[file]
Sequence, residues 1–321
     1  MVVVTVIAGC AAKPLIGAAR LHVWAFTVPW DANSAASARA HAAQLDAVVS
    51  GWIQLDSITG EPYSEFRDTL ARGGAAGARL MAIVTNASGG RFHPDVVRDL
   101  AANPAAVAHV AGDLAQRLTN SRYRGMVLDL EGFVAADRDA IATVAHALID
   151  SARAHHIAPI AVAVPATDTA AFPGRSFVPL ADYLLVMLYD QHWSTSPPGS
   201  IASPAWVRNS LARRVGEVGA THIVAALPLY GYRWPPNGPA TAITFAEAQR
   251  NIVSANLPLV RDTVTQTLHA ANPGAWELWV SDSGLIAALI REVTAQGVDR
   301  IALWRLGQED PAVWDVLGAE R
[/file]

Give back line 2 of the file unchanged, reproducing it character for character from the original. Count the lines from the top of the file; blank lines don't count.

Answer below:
     1  MVVVTVIAGC AAKPLIGAAR LHVWAFTVPW DANSAASARA HAAQLDAVVS